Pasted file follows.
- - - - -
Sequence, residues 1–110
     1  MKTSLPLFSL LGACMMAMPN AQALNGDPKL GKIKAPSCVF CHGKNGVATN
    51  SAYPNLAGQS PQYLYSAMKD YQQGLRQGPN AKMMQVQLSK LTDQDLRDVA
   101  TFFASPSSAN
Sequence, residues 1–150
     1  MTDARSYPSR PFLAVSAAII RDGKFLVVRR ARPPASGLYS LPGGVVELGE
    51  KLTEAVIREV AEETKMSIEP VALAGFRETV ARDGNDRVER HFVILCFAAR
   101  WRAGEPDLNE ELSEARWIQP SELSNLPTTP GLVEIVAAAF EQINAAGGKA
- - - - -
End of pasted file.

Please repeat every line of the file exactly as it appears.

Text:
Sequence, residues 1–110
     1  MKTSLPLFSL LGACMMAMPN AQALNGDPKL GKIKAPSCVF CHGKNGVATN
    51  SAYPNLAGQS PQYLYSAMKD YQQGLRQGPN AKMMQVQLSK LTDQDLRDVA
   101  TFFASPSSAN
Sequence, residues 1–150
     1  MTDARSYPSR PFLAVSAAII RDGKFLVVRR ARPPASGLYS LPGGVVELGE
    51  KLTEAVIREV AEETKMSIEP VALAGFRETV ARDGNDRVER HFVILCFAAR
   101  WRAGEPDLNE ELSEARWIQP SELSNLPTTP GLVEIVAAAF EQINAAGGKA